If you sell a commercial property you have held for over a year, you must pay long-term capital gains taxes.

The following table provides the federal income tax rates for a single filer. A single filer is a taxpayer who files a federal income tax return under the status “single” – unmarried taxpayers use this category, as well as for married couples filing jointly.

Short-term federal capital gains tax rates for single filers and married couples filing jointly for the 2023 tax year

Income level of single filer Income level of married couple filing jointly Short-term capital gains tax rate
Up to $11,000 $22,000 10%
$11,000 to $44,725 $22,000 to $89,450 12%
$44,725 to $95,375 $89,450 to $190,750 22%
$95,375 to $ $182,100 $190,750 to $364,200 24%
$182,100 to $231,250 $364,200 to $462,500 32%
$231,250 to $578,125 $462,500 to $693,750 35%
Above $578,125 Above $693,750 37%

Source: IRS

Note: You can find the short-term tax rates for Married Couples Filing Separately and for Head of Household filers online.

Long-term capital gains are taxed at a lower rate. Here’s a table providing the details of the long-term capital gains tax rates for single filers and married couples filing jointly. You can find the long-term capital gains tax rates for Married Couples Filing Separately and Head of Household filers online.

Long-term federal capital gains tax rates for single filers and married couples filing jointly for the 2023 tax year

Capital gains – single filer Capital gains – married couple filing jointly Tax rate
Up to $44,625 Up to $89,250 0%
$44,626 to $492,300 $89,251 to $553,850 15%
Over $492,300 Over $553,850 20%

Source: Bankrate

Factors affecting capital gains tax

The capital gains taxes that real estate investors pay depend on another essential factor, which is the taxpayer’s filing status. In this section, we’ll tell you the three main types of tax filing statuses:

Taxable income: single

This category applies to unmarried individuals or those legally separated under a divorce or maintenance decree.

Taxable income: married

Tax filers can fall under the Married Filing Jointly filing status (both spouses agree to file a joint return and report combined income) or the Married Filing Separately filing status (each filer is responsible for their tax).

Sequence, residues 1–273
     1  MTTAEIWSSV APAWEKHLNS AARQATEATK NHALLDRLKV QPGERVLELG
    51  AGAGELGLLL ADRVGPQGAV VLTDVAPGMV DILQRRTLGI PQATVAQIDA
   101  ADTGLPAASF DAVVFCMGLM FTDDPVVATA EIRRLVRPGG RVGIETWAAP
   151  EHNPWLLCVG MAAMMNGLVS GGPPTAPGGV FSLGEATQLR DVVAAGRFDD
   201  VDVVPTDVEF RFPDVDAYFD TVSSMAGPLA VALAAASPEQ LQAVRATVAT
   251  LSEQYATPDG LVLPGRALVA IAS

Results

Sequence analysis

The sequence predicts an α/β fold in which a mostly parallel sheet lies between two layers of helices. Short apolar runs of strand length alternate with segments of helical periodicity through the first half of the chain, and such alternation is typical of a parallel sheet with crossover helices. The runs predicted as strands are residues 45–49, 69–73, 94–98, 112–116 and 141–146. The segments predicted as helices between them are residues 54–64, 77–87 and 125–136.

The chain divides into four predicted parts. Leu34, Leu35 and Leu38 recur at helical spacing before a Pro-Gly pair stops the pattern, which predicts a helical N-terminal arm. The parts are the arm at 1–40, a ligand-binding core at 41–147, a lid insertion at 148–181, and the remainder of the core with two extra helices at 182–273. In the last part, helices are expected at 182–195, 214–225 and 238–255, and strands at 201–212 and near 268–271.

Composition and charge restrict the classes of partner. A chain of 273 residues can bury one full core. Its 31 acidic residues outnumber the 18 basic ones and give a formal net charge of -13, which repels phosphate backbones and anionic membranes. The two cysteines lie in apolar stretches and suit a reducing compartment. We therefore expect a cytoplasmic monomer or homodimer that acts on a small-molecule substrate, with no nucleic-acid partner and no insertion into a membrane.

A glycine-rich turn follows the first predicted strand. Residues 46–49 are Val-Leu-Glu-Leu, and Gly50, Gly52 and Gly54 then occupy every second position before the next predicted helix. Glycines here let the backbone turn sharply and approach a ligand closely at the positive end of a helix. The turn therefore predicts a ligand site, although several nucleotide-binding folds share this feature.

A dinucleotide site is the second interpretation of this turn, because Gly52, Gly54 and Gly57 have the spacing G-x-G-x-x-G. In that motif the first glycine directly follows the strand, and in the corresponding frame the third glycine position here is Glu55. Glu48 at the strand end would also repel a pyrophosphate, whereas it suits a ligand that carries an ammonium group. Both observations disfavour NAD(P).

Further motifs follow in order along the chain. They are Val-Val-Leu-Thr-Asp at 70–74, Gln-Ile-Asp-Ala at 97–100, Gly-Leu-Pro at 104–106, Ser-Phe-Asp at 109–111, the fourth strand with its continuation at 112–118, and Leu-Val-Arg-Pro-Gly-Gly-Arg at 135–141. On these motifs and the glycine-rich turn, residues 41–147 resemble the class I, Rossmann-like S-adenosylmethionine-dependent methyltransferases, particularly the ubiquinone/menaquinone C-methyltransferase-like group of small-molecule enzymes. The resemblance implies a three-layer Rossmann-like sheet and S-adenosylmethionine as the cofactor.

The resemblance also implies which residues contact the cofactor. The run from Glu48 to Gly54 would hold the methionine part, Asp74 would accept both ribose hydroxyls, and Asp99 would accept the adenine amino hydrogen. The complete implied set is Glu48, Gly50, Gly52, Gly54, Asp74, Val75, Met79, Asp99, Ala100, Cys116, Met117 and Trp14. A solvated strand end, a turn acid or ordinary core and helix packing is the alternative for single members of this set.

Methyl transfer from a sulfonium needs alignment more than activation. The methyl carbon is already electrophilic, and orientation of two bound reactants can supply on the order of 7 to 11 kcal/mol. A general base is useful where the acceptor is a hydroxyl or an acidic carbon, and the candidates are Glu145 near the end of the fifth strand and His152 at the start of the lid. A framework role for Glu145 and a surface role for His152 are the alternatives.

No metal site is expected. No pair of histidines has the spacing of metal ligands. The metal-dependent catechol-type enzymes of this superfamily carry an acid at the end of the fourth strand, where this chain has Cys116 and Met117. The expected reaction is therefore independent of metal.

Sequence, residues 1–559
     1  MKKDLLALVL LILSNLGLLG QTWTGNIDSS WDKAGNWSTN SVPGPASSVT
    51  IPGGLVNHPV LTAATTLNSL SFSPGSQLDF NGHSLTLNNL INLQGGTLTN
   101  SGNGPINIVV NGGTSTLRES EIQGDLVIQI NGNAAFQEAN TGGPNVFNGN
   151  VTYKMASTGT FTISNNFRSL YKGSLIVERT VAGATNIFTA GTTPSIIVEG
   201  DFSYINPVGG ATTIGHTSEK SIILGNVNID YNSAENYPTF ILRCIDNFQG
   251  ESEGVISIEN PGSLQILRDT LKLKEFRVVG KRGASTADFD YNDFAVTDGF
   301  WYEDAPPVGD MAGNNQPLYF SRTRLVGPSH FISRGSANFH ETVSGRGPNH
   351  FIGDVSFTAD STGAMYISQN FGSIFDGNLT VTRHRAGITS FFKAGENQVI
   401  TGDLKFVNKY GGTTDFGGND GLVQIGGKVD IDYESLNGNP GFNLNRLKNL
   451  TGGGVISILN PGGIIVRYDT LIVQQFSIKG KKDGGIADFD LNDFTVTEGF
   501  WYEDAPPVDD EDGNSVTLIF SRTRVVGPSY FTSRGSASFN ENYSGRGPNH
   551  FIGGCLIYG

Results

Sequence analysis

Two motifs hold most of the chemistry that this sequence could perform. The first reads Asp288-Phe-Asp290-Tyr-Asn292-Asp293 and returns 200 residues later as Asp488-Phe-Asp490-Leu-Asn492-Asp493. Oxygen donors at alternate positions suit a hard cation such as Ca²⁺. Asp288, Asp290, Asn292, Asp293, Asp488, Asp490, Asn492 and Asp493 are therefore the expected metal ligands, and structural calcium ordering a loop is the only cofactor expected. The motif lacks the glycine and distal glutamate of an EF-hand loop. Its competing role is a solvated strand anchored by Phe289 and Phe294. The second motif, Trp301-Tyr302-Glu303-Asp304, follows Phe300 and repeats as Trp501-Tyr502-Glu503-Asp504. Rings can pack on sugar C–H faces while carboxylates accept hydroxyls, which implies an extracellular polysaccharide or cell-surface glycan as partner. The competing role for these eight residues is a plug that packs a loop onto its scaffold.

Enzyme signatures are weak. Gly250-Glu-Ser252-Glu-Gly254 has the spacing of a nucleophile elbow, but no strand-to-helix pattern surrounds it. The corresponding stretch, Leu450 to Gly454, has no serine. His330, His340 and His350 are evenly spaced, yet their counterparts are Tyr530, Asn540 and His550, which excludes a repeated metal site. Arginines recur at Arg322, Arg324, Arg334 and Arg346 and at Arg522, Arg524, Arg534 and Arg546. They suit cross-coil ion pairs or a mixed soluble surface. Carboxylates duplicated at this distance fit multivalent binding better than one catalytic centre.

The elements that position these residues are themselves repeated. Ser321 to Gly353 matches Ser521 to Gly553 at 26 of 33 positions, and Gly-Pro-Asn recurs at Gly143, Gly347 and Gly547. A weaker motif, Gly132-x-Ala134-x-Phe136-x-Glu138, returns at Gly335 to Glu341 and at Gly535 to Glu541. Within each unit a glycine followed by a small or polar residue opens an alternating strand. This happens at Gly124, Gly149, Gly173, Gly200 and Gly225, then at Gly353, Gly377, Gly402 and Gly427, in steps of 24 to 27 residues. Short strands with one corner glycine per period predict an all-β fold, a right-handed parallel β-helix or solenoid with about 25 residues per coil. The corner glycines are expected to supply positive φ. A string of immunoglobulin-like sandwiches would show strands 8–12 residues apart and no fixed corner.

Taxable income: head of household

This category applies to unmarried individuals who pay more than half the cost of keeping up the home and have a qualifying child or dependent. The capital gains tax rates for each of the above types of filer listed above are different.

Exemptions and deductions

Investing in commercial property provides several tax advantages. This can enable you to improve your return on investment because investing in commercial real estate can enable you to reduce your tax liability. Here are the three advantages:

  • Advantage #1: When you sell a property at a profit, your long-term capital gains (the difference between the purchase cost and the selling price) can be tax-free if the gain is below a specific limit. This benefit applies to an investment property held for more than one year.

Federal long-term capital gains are tax-free if they fall below these limits for the 2023 tax year:

Type of filer Long-term capital gain Applicable federal tax rate
Single $44,625 or less 0%
Married filing jointly $89,250 or less 0%
Married filing separately $44,625 or less 0%
Head of household $59,750 or less 0%

Source: Bankrate

  • Advantage #2: If you borrow funds to buy commercial real estate, the interest you pay on your mortgage could be allowed as a deduction.
  • Advantage #3: An investor’s heirs pay tax only on the capital gains that accrue from the date the investor passes away until the sale of the property. This could save an investor’s heirs a large sum.

How to defer capital gains taxes?

Here are two ways to defer capital gains taxes when you sell commercial real estate at a profit:

1031 exchanges